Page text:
How much weight can I expect to lose after gastric bypass surgery?

On average, and depending on the individual's motivation, after six months at least 60% of excess body weight is lost and after 12 months at least 75% of excess weight is lost.

Why can’t I keep the weight off myself?

Weight may not stay off, due to many factors in your life.
Not making the right food choices, stress eating, skipping meals, not exercising, family genetics, yo-yo dieting, certain medications,  stress in family life and work life, always putting others first, depression & anxiety, joint pain due to  increased weight leading to a sedentary life style.

What is the youngest/oldest age surgery can be done?

At Holy Cross, patients must be at least age 18 to have the surgery.  There is no pre-set age limit. The decision for surgery is based on a patient’s health condition and medical history. The patient and his/her doctor would decide on an individual basis whether surgery would be beneficial.

How can I know if I'm a candidate for gastric bypass surgery?

Anyone with a BMI of 40 or greater or who is 100 pounds or more overweight is a candidate for gastric bypass surgery. Individuals with a BMI of 35-40 are also eligible for surgery if they have two or more co-morbidities (diseases associated with obesity).

What are the risks of these surgeries?

As with any surgery there are risks and complications. Your surgeon will explain the risk factors or you can learn more about surgical complications by attending a Bariatric Information Session.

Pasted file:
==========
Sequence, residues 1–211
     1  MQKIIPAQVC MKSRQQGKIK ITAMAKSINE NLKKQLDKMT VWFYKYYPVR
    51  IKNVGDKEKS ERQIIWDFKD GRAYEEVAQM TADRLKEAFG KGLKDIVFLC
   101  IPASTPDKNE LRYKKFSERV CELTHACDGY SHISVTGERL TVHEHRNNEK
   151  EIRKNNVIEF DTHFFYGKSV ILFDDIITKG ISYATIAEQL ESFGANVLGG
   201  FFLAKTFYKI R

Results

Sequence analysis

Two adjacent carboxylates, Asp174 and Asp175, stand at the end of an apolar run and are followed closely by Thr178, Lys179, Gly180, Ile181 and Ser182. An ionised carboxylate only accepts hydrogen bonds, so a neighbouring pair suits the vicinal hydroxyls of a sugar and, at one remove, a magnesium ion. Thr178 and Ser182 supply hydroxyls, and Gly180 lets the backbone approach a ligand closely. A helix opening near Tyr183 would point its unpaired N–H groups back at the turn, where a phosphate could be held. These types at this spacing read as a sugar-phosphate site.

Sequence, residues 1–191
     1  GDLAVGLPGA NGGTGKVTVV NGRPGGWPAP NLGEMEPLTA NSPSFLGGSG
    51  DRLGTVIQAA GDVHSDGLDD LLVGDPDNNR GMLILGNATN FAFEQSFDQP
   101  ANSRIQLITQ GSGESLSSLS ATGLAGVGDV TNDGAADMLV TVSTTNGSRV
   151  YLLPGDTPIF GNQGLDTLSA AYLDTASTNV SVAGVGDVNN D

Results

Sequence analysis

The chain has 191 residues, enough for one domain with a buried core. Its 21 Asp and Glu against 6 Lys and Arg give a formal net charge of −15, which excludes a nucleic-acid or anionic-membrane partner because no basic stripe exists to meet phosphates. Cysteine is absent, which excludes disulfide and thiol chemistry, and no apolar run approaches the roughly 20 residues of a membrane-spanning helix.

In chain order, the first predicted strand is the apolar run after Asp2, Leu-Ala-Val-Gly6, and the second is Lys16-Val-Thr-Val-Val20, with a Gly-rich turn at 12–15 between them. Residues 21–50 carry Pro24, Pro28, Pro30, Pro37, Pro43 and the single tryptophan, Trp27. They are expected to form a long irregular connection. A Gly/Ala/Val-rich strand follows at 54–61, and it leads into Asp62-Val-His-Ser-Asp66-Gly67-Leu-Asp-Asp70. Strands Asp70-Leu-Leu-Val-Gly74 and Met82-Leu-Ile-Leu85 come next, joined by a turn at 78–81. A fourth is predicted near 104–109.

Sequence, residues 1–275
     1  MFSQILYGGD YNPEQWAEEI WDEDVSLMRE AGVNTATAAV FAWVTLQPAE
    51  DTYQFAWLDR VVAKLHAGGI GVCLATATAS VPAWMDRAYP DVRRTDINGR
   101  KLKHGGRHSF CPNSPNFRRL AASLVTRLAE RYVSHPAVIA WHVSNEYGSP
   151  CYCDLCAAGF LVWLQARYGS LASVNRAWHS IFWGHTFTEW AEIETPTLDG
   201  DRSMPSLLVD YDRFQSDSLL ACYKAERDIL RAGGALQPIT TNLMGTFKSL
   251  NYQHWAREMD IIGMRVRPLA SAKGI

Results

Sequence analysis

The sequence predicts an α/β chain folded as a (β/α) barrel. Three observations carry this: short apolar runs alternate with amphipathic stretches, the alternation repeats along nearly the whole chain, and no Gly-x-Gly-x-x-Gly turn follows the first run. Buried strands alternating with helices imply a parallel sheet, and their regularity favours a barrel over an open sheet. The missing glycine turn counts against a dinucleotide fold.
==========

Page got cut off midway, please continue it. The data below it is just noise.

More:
What are the different types of surgical weight-loss procedures?

The type of procedure that is appropriate for each individual needs to be determined between the surgeon and yourself. To learn more about what type of surgical weight loss procedures exist, the advantages and complications of these procedures and what is the 'gold standard' procedure, please attend a Bariatric Information Session.

When can I return back to work?

Returning back to work depends on motivation of the individual and the type of tasks performed on the job (ie: heavy lifting). This is one of the topics discussed at the Bariatric Information Session.

Will insurance cover the procedure?

Bariatric surgery is covered by many insurance carriers. This is based on individual policies and medical necessity.  Our team will contact your insurance carrier to see if your particular plan offers coverage and if so what requirements need to be completed for approval.

Dr. Michael Perez

"Obesity is a serious health concern worldwide. Holy Cross Hospital has one of the leading Bariatric surgery programs in the nation, with staff, specialized equipment, and support programs dedicated to the care of Bariatric surgery patients. We've helped thousands of people regain their lives and maintain their health."    

           - 
General Surgeon Michael Perez, MD, FACS, Medical Director of Bariatric Services & Board Certified by the American Board of Surgery

Info Sessions

Bariatrics - Getting Started

Directions

image description

Support Groups

Woman running on beach